Stories of The Retreating Dark
Back when I first lived outside of Australia, up in Finland, I asked for advice about how to survive winter and the darkness. In general the advice could be condensed to “take advantage of it: sleep more, eat pancakes and burn candles”. It’s taken over 6 years and another 3 countries for for the final bit of advice to kick in, but I now feel that burning candles is an important part of keeping sane and comfortable in winter. As it gets dark, or later, if I get home after dusk I light a new batch of candles for the evening.
We’re not being particularly good about keeping our kitchen table beautifully laid out every day, as computers, mail and magazines will pile up, so in general I keep the candles on the window sill. There’s a couple of dedicated candle holders but it’s largely a mismatch – some old jars, the lid of a grave candle and some reclaimed soft-drink can trays.
Keeping the candles on the window serves an additional purpose as the glass reflects the light back in and that row of candles, well they seem to keep the dark at bay. The days are getting longer and soon the candles will be redundant for all but keeping my teapot warm, but I am so glad that I’ve finally learnt to make use of them.
I’ve mentioned this before, but one of things that I find easier about living in northern and central Europe is that The Seasons and many associated traditions (prolific use of candles included) make so much more sense to me here than they do in Australia.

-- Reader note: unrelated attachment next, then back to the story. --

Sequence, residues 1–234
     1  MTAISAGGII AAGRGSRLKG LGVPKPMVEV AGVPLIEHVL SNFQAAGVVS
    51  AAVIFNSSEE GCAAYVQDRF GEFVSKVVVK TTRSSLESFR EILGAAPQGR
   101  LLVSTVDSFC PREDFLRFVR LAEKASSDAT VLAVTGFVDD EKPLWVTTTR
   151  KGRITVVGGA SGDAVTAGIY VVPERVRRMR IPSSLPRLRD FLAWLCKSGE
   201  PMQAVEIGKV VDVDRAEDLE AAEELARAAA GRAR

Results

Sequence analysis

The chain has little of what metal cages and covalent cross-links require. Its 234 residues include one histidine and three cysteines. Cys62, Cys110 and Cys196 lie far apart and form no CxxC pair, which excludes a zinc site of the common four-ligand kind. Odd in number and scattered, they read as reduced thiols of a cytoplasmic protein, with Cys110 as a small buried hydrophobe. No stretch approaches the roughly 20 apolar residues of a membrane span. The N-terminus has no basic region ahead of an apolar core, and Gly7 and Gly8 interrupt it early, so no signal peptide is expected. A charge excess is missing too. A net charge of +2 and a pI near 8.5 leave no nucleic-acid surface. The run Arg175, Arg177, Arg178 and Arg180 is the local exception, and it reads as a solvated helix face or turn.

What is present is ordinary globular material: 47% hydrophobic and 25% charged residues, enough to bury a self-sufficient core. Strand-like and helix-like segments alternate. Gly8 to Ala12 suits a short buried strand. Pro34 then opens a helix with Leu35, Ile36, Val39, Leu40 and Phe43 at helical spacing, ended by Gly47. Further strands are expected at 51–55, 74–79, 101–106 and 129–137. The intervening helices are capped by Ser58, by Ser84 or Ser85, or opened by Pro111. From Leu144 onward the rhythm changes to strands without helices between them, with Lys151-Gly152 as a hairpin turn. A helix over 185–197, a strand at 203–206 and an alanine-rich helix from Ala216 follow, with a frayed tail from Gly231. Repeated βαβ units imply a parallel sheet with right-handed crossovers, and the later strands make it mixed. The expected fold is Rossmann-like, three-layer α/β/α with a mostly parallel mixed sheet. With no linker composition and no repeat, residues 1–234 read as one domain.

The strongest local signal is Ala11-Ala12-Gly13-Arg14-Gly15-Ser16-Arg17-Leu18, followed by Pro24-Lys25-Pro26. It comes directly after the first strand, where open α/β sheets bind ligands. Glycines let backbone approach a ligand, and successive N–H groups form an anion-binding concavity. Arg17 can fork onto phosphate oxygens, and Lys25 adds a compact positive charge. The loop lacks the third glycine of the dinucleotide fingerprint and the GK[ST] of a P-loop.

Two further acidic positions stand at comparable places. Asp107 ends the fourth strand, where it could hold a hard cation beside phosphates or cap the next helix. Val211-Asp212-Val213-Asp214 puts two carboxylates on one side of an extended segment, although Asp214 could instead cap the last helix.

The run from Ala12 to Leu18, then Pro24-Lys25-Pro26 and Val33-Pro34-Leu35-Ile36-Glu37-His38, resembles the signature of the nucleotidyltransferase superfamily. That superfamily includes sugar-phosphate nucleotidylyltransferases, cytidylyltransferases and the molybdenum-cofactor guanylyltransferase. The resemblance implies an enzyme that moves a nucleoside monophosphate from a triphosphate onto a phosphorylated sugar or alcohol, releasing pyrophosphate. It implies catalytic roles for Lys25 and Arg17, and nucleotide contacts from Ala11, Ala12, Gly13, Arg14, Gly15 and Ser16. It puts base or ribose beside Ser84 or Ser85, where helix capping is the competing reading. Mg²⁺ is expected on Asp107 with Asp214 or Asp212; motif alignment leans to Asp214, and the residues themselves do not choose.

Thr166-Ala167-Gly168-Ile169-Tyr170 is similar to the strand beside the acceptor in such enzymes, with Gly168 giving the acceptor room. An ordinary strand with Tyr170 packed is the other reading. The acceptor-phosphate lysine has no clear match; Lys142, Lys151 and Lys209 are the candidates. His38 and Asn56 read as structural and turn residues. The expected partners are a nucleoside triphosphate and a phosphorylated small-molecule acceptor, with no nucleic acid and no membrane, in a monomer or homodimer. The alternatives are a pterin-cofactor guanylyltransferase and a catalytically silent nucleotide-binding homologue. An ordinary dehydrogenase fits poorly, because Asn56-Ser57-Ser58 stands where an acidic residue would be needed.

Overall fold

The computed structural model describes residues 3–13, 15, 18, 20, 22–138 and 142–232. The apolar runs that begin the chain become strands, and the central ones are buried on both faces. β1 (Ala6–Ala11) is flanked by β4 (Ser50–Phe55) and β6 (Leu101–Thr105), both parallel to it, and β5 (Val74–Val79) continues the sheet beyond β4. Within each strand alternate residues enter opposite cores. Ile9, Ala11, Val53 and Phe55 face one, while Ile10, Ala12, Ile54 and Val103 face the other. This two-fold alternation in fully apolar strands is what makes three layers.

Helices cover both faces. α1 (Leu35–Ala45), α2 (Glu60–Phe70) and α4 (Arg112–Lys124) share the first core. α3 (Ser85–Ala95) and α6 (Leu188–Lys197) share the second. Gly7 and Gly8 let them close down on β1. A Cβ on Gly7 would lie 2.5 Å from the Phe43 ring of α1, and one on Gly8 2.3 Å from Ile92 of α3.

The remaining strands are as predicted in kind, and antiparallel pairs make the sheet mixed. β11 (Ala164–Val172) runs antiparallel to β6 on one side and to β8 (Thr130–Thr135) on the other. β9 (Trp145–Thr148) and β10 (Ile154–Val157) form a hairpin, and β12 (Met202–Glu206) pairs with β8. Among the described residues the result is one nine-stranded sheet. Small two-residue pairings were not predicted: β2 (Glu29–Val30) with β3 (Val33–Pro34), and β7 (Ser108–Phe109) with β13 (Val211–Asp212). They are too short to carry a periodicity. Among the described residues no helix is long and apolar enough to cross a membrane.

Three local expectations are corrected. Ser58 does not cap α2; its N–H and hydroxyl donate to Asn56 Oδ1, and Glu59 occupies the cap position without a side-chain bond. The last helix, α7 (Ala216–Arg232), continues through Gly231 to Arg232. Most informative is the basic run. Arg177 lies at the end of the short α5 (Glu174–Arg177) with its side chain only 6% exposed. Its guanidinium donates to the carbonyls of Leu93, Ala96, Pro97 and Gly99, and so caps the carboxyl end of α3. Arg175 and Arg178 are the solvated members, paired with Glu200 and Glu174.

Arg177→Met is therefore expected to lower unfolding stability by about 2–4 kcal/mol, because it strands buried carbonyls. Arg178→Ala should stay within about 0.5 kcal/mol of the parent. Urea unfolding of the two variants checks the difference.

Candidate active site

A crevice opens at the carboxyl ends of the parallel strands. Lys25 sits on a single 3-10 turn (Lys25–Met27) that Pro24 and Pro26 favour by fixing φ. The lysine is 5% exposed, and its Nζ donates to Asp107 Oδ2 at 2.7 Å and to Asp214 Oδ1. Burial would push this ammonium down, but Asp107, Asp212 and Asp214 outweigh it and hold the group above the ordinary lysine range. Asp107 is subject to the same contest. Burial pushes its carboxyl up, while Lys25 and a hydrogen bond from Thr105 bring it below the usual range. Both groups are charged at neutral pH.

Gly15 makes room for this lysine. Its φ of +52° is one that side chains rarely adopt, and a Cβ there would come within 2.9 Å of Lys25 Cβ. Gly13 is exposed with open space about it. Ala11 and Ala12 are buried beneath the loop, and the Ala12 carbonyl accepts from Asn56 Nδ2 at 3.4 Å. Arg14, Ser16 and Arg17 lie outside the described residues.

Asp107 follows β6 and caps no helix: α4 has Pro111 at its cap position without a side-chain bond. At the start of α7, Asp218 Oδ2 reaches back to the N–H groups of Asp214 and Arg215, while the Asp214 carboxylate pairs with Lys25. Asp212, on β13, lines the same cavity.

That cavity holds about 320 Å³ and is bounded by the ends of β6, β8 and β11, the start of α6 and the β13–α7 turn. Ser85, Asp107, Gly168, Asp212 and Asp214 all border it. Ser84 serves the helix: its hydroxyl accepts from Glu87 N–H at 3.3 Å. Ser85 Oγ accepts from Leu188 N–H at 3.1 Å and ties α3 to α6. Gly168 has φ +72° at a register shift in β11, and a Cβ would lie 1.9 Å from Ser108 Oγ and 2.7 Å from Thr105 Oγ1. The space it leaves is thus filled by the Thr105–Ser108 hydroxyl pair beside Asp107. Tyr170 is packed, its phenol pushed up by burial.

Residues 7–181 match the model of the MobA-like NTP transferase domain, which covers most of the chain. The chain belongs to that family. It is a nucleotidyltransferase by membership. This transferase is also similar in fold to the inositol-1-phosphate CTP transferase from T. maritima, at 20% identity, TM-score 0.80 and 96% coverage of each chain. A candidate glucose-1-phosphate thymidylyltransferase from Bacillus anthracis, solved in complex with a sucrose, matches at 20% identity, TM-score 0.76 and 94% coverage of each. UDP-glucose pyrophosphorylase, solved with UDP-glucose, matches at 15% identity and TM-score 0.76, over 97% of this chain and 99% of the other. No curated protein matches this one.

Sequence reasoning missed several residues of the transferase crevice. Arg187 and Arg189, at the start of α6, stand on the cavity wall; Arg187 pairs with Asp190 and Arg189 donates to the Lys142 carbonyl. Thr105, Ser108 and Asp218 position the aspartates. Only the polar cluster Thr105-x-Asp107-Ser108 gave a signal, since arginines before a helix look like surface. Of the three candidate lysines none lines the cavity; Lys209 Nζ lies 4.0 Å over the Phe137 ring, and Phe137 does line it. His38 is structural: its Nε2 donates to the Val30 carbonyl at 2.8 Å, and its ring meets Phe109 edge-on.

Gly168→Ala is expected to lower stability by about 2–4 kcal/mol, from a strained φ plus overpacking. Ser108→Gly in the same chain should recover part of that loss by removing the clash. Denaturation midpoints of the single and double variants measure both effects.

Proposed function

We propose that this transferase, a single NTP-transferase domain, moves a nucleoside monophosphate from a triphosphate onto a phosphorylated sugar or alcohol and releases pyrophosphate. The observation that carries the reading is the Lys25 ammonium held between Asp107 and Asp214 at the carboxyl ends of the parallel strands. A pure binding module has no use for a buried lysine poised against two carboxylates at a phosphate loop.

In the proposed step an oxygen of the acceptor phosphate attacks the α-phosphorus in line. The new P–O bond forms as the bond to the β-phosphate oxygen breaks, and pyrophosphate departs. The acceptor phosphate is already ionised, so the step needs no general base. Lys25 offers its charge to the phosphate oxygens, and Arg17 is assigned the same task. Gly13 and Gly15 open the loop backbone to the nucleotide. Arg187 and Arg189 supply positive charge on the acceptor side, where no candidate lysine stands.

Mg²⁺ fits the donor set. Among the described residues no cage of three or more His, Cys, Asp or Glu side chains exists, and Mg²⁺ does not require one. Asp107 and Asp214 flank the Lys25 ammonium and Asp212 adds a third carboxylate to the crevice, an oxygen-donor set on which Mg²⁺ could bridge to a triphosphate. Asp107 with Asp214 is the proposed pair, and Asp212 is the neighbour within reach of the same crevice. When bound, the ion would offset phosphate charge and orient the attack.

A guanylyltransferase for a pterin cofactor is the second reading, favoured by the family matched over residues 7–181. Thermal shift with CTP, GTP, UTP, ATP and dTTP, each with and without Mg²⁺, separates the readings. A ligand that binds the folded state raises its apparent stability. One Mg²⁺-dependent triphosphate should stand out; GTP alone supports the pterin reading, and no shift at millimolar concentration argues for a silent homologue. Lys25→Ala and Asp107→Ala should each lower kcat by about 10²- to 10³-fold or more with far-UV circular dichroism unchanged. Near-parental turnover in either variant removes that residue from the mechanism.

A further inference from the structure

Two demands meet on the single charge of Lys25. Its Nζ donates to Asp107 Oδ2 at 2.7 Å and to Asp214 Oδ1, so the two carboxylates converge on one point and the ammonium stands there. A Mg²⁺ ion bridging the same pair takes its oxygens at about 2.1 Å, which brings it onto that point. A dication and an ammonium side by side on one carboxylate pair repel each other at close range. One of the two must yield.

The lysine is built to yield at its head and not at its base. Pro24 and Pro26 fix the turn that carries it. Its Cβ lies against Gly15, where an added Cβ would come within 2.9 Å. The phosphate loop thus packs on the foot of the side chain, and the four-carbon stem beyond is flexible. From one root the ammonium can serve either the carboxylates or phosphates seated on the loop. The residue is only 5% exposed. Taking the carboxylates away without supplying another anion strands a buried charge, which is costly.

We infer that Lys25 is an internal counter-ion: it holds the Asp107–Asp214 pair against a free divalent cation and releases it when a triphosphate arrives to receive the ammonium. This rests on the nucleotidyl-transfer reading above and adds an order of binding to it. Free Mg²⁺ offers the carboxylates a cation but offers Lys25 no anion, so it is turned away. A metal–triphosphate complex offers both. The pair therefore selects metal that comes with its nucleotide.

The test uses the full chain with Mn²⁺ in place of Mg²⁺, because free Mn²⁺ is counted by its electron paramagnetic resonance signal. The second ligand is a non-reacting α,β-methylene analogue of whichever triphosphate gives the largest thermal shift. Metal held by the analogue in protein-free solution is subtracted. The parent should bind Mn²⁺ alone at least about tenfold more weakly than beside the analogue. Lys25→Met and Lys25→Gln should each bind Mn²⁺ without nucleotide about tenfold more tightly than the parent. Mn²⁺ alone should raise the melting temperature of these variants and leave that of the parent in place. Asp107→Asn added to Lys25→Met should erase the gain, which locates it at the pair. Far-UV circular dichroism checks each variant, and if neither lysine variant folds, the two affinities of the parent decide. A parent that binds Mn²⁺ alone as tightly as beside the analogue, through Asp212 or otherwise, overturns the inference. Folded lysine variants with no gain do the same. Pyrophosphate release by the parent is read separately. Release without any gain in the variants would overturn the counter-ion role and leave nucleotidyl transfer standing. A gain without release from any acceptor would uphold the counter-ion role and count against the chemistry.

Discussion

I once heard about a South African project to develop region specific (southern African) children’s books and elementary grade readers. One of the challenges faced in teaching children (and adults) to read was that the materials normally provided were completely unbelievable to local beginner readers. Wellington boots, hedgehogs, frost and rolling lawns were alien concepts for people who were trying to connect marks on a page with the world around them. If culturally specific materials can help people learn to read books, how much better are they going to be at helping people learn to read and understand the environment around them?
I devoured books as a child. Even though Seven Little Australians, and the books of May Gibbs, Mem Fox, Gillian Rubinstein, John Marsden, Joan Lindsay and Colin Thiele were part of my literary diet, they didn’t condition my relationship to the environment and the rhythms of the year nearly as effectively as the stories of Joan Aiken, Susan Cooper, Tove Jansson or Arthur Ransome. On one hand, there just weren’t as many Australian authors for me to connect with and on the other, the Australian authors I read were also part of a relatively young, post colonial tradition who could also only relate to the environment through a European, primarily British understanding.
However, I am living in Austria now and luckily have an increasing understanding of Upper Austria’s local environment. In summer I know to look to the north to see if a sudden storm is going to blow in over the Mühlviertel, and I get the joke behind the warm dry wind called the Fön (hairdryer). But one day I might end up back in southern Australia, still unable to relate to the non-European seasons of my childhood. And knowing my life so far, we might not end up in southern Australia or Austria at all!
I still devour books and in particular I’d love to read more books that are not only interesting, beautiful stories in their own right, but which also accurately describe the rhythms and sensations of the region they are set in. It doesn’t matter whether they are children’s books or a memoir, whether they’re set in Provence, Tahiti, Mongolia, Adelaide or Bristol – whatever they are I’d love to hear about them. What is your favourite book and the place and environment it describes?